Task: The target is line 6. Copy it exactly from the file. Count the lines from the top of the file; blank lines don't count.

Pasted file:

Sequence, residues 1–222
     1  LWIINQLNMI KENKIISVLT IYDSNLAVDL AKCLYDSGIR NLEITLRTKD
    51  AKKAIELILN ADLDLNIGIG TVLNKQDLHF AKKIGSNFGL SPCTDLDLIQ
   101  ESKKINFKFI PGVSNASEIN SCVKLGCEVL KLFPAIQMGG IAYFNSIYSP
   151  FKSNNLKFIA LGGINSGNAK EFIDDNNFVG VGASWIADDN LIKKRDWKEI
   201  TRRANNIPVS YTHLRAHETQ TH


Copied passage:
   201  TRRANNIPVS YTHLRAHETQ TH